Interesting Facts about the Hyde Park

London Walking Tour

Hyde Park Facts

The charming cityscape of London features a unique blend of greenery with lavishly laid out tree lines and walkways. Located in Central London, Hyde Park has remained the greenest places in the city and a great place for taking a stroll or relaxing among the serenity of the trees.

One of the eight Royal Parks, the Hyde Park hosts many key landmarks besides its trees and walkways such as the Princess of Wales Memorial Fountain, Speakers’ Corner, and the Serpentine Lake. Millions of tourists visit the Hyde Park each year and have been featured as an essential sightseeing destination in many London walking tour programs. The park is also the perfect place for recreation as it offers many activities to the visitors such as horse riding, swimming, cycling, and tennis. Below are some interesting facts that will help keen visitors to the Hyde Park through London walking tours.


King Henry VIII acquired the grounds of Hyde Park in 1536 after seizing it from the monks of Westminster Abbey. The king then utilized for hunting and was closed to the public. In 1637, King Charles I opened the park to the public and architect Decimus Burton designed its current layout in 1825.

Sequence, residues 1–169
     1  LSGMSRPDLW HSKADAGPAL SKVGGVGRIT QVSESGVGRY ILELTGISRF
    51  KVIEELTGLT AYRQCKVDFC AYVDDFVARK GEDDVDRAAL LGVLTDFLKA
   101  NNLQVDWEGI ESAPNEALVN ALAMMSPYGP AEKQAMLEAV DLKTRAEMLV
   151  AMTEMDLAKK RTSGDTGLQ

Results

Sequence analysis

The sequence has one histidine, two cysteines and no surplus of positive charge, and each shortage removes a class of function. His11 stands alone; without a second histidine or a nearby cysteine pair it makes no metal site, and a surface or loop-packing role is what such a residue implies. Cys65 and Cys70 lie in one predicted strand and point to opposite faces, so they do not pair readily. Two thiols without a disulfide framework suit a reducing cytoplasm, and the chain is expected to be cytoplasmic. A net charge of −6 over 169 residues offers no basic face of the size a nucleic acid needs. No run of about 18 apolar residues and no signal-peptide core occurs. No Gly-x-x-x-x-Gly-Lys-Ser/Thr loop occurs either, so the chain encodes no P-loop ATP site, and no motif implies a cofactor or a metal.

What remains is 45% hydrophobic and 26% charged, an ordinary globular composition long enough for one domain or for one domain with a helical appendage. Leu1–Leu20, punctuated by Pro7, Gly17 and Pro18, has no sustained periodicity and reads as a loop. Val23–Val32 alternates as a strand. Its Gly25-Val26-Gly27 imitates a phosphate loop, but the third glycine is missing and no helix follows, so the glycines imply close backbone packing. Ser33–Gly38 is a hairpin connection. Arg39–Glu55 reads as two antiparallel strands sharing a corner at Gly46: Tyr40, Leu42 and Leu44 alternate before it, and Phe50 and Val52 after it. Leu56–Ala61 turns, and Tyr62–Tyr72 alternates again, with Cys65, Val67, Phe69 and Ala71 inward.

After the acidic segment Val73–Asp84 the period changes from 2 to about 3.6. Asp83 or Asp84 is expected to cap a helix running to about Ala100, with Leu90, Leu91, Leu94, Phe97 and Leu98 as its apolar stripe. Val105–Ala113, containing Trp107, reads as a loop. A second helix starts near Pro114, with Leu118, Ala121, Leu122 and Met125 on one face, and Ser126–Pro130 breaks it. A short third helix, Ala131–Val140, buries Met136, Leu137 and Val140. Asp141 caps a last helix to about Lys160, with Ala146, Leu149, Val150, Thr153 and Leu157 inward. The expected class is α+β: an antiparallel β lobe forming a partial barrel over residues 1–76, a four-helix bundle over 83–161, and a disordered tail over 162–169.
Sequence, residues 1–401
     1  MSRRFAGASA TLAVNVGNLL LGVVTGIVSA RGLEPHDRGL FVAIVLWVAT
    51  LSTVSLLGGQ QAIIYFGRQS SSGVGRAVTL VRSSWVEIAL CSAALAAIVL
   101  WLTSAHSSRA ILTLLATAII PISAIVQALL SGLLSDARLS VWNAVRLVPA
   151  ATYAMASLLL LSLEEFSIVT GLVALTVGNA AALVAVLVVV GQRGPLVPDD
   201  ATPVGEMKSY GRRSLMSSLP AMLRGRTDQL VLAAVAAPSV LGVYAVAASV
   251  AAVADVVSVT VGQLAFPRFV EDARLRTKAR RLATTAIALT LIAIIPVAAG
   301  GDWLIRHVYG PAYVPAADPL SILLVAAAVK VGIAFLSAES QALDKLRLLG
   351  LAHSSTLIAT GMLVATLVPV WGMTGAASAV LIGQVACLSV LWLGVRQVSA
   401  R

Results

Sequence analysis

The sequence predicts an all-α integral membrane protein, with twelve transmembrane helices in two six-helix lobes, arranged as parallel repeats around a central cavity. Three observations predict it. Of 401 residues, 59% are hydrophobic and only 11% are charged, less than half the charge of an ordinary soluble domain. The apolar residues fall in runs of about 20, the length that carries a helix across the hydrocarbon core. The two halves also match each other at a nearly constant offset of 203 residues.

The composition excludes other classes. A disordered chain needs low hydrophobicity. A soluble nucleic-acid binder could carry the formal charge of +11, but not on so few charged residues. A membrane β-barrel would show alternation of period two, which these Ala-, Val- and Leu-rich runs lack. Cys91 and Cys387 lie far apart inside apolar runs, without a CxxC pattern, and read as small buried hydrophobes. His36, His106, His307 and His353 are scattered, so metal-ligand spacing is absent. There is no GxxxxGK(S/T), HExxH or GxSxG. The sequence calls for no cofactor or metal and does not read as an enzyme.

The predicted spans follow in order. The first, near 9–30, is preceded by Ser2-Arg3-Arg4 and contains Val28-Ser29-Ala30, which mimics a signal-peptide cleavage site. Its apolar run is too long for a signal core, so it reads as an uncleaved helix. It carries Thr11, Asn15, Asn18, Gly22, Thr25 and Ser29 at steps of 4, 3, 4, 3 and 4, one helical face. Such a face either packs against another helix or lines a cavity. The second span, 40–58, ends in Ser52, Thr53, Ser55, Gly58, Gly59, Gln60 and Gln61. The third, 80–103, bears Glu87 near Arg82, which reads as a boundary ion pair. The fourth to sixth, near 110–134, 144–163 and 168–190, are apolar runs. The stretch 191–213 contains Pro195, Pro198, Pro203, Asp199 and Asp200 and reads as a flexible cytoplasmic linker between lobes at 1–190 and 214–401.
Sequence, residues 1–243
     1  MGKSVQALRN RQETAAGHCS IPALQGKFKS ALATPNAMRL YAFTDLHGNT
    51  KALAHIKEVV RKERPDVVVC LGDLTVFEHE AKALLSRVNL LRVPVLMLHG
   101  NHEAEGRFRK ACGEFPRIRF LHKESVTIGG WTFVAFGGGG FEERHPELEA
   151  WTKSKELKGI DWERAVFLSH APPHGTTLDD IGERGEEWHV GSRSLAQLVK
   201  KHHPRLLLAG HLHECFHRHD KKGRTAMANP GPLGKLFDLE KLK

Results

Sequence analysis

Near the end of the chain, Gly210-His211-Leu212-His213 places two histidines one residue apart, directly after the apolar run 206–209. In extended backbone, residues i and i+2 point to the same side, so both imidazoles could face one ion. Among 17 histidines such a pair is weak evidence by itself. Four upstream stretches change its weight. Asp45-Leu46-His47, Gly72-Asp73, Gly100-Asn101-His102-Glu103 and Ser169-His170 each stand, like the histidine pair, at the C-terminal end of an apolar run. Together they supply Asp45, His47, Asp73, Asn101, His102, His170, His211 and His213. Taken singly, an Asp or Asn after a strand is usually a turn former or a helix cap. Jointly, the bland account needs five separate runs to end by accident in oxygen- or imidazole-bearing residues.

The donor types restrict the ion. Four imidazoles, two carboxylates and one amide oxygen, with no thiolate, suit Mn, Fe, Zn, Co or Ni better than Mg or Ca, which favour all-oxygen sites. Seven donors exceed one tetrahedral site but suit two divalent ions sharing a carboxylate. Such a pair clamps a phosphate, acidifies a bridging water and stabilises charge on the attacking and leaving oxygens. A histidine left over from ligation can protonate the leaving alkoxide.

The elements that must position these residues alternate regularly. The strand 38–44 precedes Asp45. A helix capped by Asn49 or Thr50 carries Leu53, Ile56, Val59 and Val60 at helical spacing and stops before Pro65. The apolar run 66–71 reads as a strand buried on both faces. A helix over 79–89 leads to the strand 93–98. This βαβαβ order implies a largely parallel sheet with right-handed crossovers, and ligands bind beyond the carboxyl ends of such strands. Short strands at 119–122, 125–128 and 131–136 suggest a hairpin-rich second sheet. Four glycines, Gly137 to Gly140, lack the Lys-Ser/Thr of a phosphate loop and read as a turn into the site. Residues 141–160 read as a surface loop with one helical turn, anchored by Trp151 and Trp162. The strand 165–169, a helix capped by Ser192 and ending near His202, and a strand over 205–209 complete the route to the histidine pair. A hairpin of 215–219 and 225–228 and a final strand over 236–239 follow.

The Hyde Park is one of the best city parks in the world that extends to about 625 acres. This is including the park’s 350 acres area and the remaining 275 acres of the Kensington Gardens. The park is home to over 4000 trees along with an expansive lake that covers its entire length. Its flower gardens and pasture further enhances the beauty of the park.

Serpentine Lake

The Serpentine Lake is the most visited attractions in the Hyde Park and extends to about 40 acres. The lake offers the perfect way to enjoy the park through many of the swimming and boating programs. Queen Caroline is credited with constructing the Serpentine Lake in the year 1830.

Diana, Princess of Wales Memorial Fountain

This memorial fountain is another key attraction in Hyde Park and is made from some of the best materials from around. Containing numerous pieces of Cornish granite, the memorial stands as a tribute to the life of Princess Diana.

Flora and Fauna

Hyde Park hosts a rich collection of flora and fauna unlike any other. This immense collection of trees and shrubs offer habitat to many birds. The upside down tree known as the Weeping Beech is a key attraction among the collections.